December sees the release of the eagerly anticipated new Star Wars film ‘The Force Awakens’, and to mark this in our own way, here at SGS we’ve had a closer look at the engineering of the Millennium Falcon.
Specifically, we’ve calculated how much it would cost to maintain and repair Han Solo’s fastest ‘hunk of junk’ in the galaxy were it to exist in modern society – and it turns out Solo would need very deep pockets indeed to keep the Falcon flying.
We estimate that it would cost in excess of £2m in repairs and maintenance to keep the Millennium Falcon in service - although we're not exactly sure how much that is Galatic Credits. This figure is for a good year, in times of battling the Empire and navigating asteroid fields (as Solo is prone to do!) the already considerable costs would no doubt spike.
With a reputation for being unreliable, the ship would require more than £350,000 in mechanical man hours alone, while replacements parts would see Captain Solo – played by Harrison Ford – hit for a further half a million.
Originally built as a freighter the Falcon measures 111ft from nose to tail is 82ft wide, and has a maximum cargo hold of 100 metric tonnes. Its defining feature, however, is its 0.5 light speed which means it can famously outrun any ship in the galaxy.
At over 50 years old the Millennium Falcon has had a hard life that’s included navigating asteroid fields, countless crashes and taking on fully-operational Death Stars. This makes for an extensive repair list; faulty hyperdrives, smashed-off sensor dishes, malfunctioning internal systems to name but a few.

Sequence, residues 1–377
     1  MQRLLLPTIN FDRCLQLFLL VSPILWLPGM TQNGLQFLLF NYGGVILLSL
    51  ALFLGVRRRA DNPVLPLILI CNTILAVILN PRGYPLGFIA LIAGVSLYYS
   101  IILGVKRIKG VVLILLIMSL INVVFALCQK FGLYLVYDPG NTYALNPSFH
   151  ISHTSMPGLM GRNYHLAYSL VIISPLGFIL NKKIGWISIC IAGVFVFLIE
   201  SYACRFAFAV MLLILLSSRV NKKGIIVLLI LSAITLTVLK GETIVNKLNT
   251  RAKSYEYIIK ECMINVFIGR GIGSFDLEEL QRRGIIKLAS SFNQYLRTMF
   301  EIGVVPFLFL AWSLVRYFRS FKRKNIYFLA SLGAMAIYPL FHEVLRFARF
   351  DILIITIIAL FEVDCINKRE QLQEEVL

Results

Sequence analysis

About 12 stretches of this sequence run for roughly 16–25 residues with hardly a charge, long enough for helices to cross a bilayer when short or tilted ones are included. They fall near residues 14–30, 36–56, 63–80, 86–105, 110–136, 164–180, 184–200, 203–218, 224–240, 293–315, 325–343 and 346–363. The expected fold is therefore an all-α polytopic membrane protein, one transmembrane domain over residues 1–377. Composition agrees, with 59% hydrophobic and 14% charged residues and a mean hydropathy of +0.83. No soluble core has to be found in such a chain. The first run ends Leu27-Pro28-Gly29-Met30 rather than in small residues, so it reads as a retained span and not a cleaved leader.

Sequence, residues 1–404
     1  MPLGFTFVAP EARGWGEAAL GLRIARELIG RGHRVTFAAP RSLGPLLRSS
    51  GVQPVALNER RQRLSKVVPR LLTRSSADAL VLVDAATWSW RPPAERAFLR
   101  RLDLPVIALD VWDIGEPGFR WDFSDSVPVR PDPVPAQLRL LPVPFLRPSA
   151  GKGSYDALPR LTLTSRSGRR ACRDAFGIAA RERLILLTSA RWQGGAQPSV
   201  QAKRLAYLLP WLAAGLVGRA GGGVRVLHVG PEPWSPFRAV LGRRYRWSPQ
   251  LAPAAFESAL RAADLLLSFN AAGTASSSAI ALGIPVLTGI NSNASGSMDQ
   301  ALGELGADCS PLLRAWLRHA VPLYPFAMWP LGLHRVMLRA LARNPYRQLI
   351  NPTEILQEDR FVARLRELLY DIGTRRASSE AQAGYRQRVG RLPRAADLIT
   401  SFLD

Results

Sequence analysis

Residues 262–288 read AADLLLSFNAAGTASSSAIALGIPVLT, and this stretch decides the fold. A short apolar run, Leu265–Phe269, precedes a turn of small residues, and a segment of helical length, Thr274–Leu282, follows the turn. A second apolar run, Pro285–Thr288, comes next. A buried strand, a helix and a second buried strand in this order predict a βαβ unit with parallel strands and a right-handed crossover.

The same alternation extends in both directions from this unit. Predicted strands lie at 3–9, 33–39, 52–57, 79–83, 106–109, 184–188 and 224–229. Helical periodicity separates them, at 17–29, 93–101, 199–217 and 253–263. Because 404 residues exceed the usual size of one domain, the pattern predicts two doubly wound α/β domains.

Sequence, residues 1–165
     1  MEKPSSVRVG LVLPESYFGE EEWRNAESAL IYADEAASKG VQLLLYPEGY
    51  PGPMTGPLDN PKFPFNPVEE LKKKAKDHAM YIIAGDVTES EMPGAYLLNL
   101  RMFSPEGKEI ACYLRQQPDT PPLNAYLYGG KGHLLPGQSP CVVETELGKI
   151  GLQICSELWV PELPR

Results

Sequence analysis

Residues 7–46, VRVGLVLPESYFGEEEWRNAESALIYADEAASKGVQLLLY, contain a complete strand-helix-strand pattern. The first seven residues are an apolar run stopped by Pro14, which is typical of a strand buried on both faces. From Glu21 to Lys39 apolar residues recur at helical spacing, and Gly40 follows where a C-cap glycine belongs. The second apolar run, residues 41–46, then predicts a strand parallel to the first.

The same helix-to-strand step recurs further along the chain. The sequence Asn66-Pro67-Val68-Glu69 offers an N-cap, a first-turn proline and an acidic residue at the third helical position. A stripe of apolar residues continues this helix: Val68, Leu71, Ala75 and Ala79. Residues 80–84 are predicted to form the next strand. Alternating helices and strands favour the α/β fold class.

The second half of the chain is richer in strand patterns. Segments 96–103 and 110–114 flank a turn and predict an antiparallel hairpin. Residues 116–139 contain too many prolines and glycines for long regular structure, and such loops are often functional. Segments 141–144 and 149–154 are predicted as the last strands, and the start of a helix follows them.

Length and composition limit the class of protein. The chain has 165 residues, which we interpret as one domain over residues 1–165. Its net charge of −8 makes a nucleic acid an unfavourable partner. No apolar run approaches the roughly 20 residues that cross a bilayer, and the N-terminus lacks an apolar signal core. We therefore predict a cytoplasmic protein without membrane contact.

Doing the maths
We used official data of annual maintenance costs of commercial jets, fighter jets and standard mechanical labour rates as the basis of our calculations.
Using the public accounts of five commercial liners with a mid-sized fleet that roughly mirrored the length and wingspan of the Falcon’s, and the annual International Air Transport Association’s Maintenance Cost Task Force report, we found that the average annual maintenance cost per aircraft was £1,651,483*.
SGS owner and founder Andy Wyatt, comments on the process:
"There have been several estimates about how much it would cost to build the Millennium Falcon from scratch – but as Han Solo wins the ship, so didn’t have to fork out for its construction, we wanted to find out how much the Falcon would dent his wallet just to keep it running.
Anything mechanical that is known as a hunk of junk is going to be expensive to upkeep.
The Falcon’s age and numerous modifications over its lifetime play a big part in ramping up the maintenance costs, not to mention the odd run in with the dark side.
We’re not professing that these are definitive calculations, there is a certain amount of conjecture in there – after all there’s not much to base a replacement hyperdrive on – but they do give a good idea of just how much of a financial burden the Millennium Falcon would have been on Solo.
Although we can see why George Lucas would choose not to make these financial worries a central plot in the storyline. Lightsabres are far more interesting than Solo’s budgets"